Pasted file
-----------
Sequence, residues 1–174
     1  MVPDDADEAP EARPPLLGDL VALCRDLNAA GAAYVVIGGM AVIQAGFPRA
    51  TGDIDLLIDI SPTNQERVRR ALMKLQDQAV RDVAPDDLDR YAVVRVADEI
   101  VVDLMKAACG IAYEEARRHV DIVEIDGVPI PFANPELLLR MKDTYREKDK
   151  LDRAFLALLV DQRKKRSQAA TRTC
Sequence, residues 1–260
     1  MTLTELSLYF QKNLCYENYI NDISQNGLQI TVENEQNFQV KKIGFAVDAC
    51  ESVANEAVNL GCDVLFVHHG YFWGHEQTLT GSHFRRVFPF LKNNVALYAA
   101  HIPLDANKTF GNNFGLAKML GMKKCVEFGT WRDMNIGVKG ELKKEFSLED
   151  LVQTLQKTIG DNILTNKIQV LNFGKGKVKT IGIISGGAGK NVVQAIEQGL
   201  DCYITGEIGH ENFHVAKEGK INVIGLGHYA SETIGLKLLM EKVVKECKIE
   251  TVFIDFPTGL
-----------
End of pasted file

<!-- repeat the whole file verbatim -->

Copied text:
Sequence, residues 1–174
     1  MVPDDADEAP EARPPLLGDL VALCRDLNAA GAAYVVIGGM AVIQAGFPRA
    51  TGDIDLLIDI SPTNQERVRR ALMKLQDQAV RDVAPDDLDR YAVVRVADEI
   101  VVDLMKAACG IAYEEARRHV DIVEIDGVPI PFANPELLLR MKDTYREKDK
   151  LDRAFLALLV DQRKKRSQAA TRTC
Sequence, residues 1–260
     1  MTLTELSLYF QKNLCYENYI NDISQNGLQI TVENEQNFQV KKIGFAVDAC
    51  ESVANEAVNL GCDVLFVHHG YFWGHEQTLT GSHFRRVFPF LKNNVALYAA
   101  HIPLDANKTF GNNFGLAKML GMKKCVEFGT WRDMNIGVKG ELKKEFSLED
   151  LVQTLQKTIG DNILTNKIQV LNFGKGKVKT IGIISGGAGK NVVQAIEQGL
   201  DCYITGEIGH ENFHVAKEGK INVIGLGHYA SETIGLKLLM EKVVKECKIE
   251  TVFIDFPTGL